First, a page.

In Andy's mind, the standard tool for differentiation as we head to a level of blandness in all of our products (IT, financial, consumer, etc) ends up being price. He believes that customization is a factor that can more effectively provide differentiation.
[...]In amongst the differentiation possibilities are some factors that were quoted in the first age of the Internet, the one that really didn’t work when some basic business rules were ignored. The one that really interests me is ‘customisation’, the idea that by a fully connected and interoperable business world it would be possible to deliver exactly what was wanted by connecting the consumer directly through the manufacturing or services ecosystem.
In the current age of the Internet; Web Services, SOA and Web 2.0, [...]
I agree with Andy that Web 2.0, with its focus on simplicity in aggregating web services into a single application has enabled application designers to differentiate. My blog is for example different from the CTO Blog not just because of its focus or content, but because of the components we have alongside the basic text, differentiating our approach and the way that readers interact with us. Our product is different, not just because Andy writes better stuff than me.
Looking at this from a slightly different angle, some enterprise software companies have been successful at differentiation before, by being the focus of a strong ecosystem of partners that customize their products. FileNet with its community of Value Added Resellers (VARs) had a powerful base product (that was otherwise just another bland repository/workflow offering) that was tailored by the VARs according to the needs of their market segments to provide vertically focused offerings. These were further customized by the VARs to provide the eventual 'bespoke' solution for each customer. FileNet was highly differentiated by the fact that its VARs knew their own market segment better than almost anyone out there, making the end product different than that offered by IBM for example.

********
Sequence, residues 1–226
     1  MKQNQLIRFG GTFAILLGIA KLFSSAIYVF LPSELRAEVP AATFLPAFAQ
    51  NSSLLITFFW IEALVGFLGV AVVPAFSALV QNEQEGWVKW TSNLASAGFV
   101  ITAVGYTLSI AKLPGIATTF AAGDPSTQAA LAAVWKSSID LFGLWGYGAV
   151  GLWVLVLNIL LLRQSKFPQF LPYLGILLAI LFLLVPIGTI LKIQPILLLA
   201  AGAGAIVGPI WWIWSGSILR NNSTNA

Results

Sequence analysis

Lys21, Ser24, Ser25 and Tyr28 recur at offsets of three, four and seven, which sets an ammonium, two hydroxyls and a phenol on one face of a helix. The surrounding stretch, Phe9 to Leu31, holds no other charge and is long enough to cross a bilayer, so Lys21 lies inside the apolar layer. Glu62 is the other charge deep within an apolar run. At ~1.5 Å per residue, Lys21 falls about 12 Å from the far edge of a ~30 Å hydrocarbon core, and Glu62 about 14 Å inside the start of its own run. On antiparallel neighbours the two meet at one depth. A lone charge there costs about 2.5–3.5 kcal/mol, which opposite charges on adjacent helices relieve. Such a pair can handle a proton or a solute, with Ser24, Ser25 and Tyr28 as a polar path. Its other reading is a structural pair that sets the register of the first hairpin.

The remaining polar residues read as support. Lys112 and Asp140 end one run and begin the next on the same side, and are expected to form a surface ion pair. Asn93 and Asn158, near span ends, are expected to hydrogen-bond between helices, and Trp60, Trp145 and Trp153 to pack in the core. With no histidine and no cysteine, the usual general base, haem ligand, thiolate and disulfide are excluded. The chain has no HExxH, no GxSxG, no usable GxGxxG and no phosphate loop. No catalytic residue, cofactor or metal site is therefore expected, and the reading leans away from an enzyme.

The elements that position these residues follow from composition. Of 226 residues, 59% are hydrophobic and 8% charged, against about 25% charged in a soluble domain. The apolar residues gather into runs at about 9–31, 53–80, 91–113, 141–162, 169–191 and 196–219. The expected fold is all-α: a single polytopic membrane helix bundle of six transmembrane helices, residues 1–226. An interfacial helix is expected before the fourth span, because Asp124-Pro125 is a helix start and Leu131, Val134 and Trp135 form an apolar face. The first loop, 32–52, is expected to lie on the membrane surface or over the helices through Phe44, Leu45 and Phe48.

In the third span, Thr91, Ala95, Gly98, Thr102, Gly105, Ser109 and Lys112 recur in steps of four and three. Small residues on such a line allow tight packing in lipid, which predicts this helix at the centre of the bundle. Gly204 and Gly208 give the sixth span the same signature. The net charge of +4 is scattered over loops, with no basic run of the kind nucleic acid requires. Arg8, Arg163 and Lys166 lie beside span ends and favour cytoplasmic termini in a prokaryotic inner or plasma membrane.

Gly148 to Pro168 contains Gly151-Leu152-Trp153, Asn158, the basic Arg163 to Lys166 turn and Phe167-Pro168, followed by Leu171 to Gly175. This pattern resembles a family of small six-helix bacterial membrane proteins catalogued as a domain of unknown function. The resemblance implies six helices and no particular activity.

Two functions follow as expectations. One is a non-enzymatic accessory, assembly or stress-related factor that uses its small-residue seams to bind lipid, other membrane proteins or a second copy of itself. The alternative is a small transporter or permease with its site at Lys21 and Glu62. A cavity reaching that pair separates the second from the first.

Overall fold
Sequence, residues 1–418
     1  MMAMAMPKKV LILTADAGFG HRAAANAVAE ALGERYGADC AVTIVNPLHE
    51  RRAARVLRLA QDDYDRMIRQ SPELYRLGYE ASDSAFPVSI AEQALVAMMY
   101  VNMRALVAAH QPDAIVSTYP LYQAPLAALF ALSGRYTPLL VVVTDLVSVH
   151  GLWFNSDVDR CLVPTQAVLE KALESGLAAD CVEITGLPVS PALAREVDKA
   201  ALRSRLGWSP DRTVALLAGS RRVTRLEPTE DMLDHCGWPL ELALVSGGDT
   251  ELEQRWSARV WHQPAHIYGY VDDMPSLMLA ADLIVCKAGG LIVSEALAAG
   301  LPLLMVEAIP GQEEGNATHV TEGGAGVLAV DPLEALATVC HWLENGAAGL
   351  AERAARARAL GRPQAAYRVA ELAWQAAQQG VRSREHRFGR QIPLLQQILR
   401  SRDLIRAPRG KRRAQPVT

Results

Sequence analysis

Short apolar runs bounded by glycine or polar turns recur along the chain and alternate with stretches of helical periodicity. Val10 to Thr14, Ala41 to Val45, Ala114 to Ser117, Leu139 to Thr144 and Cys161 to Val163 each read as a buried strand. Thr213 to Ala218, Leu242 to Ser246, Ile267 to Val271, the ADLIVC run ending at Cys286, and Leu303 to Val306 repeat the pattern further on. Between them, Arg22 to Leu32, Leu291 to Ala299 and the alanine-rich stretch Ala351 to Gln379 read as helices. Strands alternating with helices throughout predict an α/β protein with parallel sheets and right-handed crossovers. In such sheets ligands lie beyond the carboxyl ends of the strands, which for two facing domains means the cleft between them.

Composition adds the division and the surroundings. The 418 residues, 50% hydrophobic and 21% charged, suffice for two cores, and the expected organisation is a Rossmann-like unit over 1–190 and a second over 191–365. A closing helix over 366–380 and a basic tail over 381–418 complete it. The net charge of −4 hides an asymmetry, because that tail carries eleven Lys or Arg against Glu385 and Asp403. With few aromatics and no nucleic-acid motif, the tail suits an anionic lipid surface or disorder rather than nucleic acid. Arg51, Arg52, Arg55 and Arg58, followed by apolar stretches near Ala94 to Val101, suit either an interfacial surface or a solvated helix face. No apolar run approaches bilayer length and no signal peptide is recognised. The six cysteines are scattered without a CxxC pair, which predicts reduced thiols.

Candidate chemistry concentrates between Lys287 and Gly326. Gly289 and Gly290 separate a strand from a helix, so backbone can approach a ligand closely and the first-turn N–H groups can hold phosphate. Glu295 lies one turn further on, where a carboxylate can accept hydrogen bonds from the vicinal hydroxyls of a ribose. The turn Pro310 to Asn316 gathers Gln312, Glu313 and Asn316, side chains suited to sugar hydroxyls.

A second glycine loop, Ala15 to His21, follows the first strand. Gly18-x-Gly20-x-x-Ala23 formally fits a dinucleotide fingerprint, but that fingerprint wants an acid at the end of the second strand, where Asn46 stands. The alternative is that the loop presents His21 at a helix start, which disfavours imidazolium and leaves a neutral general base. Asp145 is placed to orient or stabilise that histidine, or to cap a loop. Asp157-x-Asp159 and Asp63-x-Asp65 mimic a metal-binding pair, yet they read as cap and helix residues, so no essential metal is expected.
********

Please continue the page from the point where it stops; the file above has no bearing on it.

To my mind, this mirrors Toyota's approach with Scion, as described by Andy. The problem now is that FileNet has been acquired by IBM. And Big Blue aren't renowned for wanting to hand over potential services engagements to other companies, despite the 'toolkit' nature of some of their enterprise software that would suit this model.
I haven't seen how FileNet's VAR network is holding up, but I would be interested to hear of any feedback from anyone 'in the know'. VAR customization was an essential part of FileNet. Can IBM stomach that reality? If not, maybe in the world of enterprise software acquisitions Web 2.0 is the only sustainable customization model - it offers DIY rather than IBM.